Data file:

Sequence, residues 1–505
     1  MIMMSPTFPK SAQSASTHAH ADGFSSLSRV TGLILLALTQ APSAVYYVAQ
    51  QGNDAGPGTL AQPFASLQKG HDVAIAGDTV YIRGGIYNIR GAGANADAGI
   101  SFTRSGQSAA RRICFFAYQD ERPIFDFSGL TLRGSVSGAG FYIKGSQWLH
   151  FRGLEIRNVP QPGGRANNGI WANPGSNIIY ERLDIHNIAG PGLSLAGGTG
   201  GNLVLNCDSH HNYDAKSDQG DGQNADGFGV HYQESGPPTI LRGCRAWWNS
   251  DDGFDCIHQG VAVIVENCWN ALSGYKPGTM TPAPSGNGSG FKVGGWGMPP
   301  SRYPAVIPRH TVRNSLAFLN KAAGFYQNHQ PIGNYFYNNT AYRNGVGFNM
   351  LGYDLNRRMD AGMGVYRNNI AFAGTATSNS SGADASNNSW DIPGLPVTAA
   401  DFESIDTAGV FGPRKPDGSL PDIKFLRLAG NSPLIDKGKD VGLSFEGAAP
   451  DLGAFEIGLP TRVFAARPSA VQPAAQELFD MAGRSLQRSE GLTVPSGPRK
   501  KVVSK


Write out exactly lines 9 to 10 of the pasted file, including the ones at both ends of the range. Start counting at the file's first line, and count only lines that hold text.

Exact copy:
   351  LGYDLNRRMD AGMGVYRNNI AFAGTATSNS SGADASNNSW DIPGLPVTAA
   401  DFESIDTAGV FGPRKPDGSL PDIKFLRLAG NSPLIDKGKD VGLSFEGAAP